Considering how much manga gets released each month, it’s no surprise that some series get left by the wayside. Even so, I’ve always thought it was a shame that Nisio Isin and Akira Akatsuki’s Shounen Shoujo never got the attention it deserved – especially when considering how perfectly suited it seemed to be for the western anime community.
Shounen Shoujo (Ill Boy, Ill Girl) was published in Shueisha’s monthly magazine Jump SQ from 2015 to 2017, and saw author Nisio Isin and artist Akira Akatsuki team up to create yet another compelling series, not long after the subversive shonen masterpiece that was Medaka Box.
The series follows the story of ‘Shonen,’ a young boy afflicted with a terrible disease that makes him unable to perceive ‘individuality.’ One of the side effects of this is that he can’t see other peoples’ faces – instead appearing to him as if they’ve been scribbled out with black ink, along with their speech.
Following an incident at school, Shonen is taken to the hospital, where his disease is quickly discovered. And, as it turns out, Shonen isn’t alone- there’s actually another girl slightly older than him, known as ‘Shojo,’ who suffers from the same disease.
Shojo is almost the complete opposite of Shonen. She’s brilliant, charismatic and incredibly intelligent – in stark contrast to the depressive, unremarkable personality that has deemed Shonen as an outcast for his entire life.
Yet, upon hearing his diagnosis, Shonen was thrilled. This is because another side effect of the disease is that the afflicted will die immediately upon reaching their 12th birthday – meaning that Shonen can sacrifice his life for science and be forever remembered as the first person to die from the disease, even perhaps getting himself named after the disease.
The only problem? Shojo is actually older than him and will reach her 12th birthday first. Shonen’s decision? Find a way to murder her in cold blood before she does so.
Shounen Shoujo: No Limits Nisio Isin
That’s certainly a lot of information to unpack for a premise, so don’t worry if you didn’t get all of it. It must be said that Shounen Shoujo isn’t exactly a light story; in fact, it feels a lot like the closest we’ll ever get to one of Nisio Isin’s novels in manga form.
Some people don’t like light novels or their style of storytelling, and that’s okay. Taken as a whole, they do tend to suffer from quantity over quality and can often go overboard with tropes and archetypes, so I totally understand. If you’re a die-hard light novel hater, then you probably won’t like this manga all that much as a result.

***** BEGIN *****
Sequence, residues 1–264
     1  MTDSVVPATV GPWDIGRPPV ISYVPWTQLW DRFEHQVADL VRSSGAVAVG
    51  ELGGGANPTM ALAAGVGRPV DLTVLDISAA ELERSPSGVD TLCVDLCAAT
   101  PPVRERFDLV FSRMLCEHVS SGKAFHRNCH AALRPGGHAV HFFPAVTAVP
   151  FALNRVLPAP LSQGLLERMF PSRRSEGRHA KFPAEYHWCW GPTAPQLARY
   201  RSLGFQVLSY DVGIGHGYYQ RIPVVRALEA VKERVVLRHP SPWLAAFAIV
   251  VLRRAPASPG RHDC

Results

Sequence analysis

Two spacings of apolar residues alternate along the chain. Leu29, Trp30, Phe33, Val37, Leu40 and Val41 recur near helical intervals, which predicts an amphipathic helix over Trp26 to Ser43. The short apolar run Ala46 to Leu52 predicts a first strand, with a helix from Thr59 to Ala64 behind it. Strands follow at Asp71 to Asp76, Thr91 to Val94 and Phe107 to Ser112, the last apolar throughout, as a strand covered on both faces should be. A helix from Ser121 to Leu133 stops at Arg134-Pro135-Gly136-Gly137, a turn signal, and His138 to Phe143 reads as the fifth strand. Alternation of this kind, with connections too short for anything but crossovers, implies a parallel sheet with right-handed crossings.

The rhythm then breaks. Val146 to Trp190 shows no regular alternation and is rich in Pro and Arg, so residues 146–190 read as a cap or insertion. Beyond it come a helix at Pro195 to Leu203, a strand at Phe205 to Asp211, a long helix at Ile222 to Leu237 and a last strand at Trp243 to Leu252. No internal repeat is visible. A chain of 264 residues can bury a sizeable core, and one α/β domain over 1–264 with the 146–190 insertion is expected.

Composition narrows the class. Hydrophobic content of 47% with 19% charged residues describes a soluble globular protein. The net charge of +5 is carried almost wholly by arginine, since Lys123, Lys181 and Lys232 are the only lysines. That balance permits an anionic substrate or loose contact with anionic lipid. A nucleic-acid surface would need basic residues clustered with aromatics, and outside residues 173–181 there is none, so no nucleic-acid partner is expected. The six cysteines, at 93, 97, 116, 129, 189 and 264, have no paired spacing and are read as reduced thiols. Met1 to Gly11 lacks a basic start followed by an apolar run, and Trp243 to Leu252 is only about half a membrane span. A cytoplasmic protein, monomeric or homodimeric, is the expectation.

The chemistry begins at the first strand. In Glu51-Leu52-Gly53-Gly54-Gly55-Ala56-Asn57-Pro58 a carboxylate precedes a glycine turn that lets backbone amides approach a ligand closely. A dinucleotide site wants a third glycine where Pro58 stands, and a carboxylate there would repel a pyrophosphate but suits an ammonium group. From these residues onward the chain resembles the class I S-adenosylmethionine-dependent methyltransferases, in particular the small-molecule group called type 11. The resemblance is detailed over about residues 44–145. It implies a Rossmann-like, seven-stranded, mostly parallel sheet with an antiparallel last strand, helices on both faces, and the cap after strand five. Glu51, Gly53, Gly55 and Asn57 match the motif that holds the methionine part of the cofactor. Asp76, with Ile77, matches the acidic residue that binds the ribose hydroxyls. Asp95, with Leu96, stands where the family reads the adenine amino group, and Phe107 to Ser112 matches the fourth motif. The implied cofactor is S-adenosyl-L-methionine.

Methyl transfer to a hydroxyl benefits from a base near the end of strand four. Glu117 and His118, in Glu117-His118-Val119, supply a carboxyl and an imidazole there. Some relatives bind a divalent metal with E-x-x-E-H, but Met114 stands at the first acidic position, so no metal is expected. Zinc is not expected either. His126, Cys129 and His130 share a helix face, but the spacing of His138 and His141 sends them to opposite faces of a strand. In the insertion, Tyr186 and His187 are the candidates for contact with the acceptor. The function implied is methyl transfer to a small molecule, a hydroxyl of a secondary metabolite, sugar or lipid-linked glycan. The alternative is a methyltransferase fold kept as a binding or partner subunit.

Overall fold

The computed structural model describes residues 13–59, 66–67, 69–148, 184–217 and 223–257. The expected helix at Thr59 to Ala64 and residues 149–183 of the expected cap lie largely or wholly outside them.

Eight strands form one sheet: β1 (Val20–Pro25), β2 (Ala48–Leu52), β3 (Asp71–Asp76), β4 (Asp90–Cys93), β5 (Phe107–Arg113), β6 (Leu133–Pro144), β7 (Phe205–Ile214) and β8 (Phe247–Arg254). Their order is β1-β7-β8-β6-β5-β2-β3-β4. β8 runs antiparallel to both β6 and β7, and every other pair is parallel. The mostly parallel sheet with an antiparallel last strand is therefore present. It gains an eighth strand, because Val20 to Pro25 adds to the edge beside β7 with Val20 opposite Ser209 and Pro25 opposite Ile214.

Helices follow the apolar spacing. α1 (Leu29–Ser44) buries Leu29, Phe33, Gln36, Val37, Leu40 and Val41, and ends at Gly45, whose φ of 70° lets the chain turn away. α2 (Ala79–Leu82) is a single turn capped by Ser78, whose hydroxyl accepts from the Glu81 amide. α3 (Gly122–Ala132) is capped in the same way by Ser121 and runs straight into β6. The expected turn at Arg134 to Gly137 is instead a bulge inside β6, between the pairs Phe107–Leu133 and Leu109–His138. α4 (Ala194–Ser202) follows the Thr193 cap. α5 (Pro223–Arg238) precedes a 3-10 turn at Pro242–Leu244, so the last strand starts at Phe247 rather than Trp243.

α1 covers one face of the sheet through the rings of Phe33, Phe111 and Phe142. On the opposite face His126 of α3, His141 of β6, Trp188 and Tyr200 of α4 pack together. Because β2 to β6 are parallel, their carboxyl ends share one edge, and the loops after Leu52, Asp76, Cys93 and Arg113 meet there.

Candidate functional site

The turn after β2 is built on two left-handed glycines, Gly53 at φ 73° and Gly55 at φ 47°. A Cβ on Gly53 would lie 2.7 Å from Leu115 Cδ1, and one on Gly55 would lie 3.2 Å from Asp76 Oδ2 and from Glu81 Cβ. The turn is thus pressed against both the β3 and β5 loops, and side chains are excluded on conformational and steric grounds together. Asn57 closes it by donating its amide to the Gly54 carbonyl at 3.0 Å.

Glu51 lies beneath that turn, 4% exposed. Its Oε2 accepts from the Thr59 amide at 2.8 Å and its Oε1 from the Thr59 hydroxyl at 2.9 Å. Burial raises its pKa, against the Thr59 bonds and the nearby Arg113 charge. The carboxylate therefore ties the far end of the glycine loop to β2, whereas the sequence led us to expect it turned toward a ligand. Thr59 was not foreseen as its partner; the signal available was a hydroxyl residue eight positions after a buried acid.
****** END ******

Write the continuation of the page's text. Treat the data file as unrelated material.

Even so, I bet that more than a few people would be interested in picking up this manga not just because they like light novels, but because they enjoy the light novel storytelling of the manga’s author, Nisio Isin.
The anime adaptation of Nisioisin Monogatari series by studio SHAFT has proven immensely popular both in Japan and the west for the past 10 years, and have pushed more and more people to the world of light novels and their unique brand of storytelling. As a result, Vertical Inc. have been able to continually translate and publish the Monogatari novels in English, along with Isin’s debut series Zaregoto and the fan-favorite Katanagatari.
For any fan of Isin and his works, there’s a lot to love here. Characters are often based around single traits, bending and warping archetypes to the extreme. Dialogue is punchy, oozing characters and often touching on deep philosophical subjects. Meta humor, of course, features heavily – with characters frequently making references to the format and genre of manga.
When comparing Shounen Shoujo to Isin’s previous manga, Medaka Box, it becomes quite clear that this light novel-esque style of storytelling is quite deliberate on Isin’s part. Whereas that series felt more like a shonen series with an Isin spirit, it did rely on convention and didn’t quite lean into the weirdness – whereas Shounen Shoujo feels like Isin, through and through.
Akira Akatsuki and Nisio Isin: The Dream Duo
Don’t worry about Shounen Shoujo reading too much like a light novel, though. As much as he sticks by his light novel roots with this manga, it must be said that he does make some rather smart decisions to ensure that the story works better in manga form.
In general, Nisio Isin introduces some important structural changes that ensure the story stays focused, as distinct from his more free-form and long-winded light novels.
Firstly, there’s the fact that there’s an overall narrative goal for the protagonist, Shonen, to accomplish – killing Shojo. This ensures that each chapter stays on topic, as well as provides a central idea for the story to return to each chapter, as Shonen attempts to ensnare and kill Shojo in multiple different ways.
There’s also the fact that there’s a clear time limit on the story (Shojo’s birthday) that firms it up, giving it an almost cinematic feeling – especially when the series only spans three collected volumes, meaning that it could be easily consumed in a single sitting.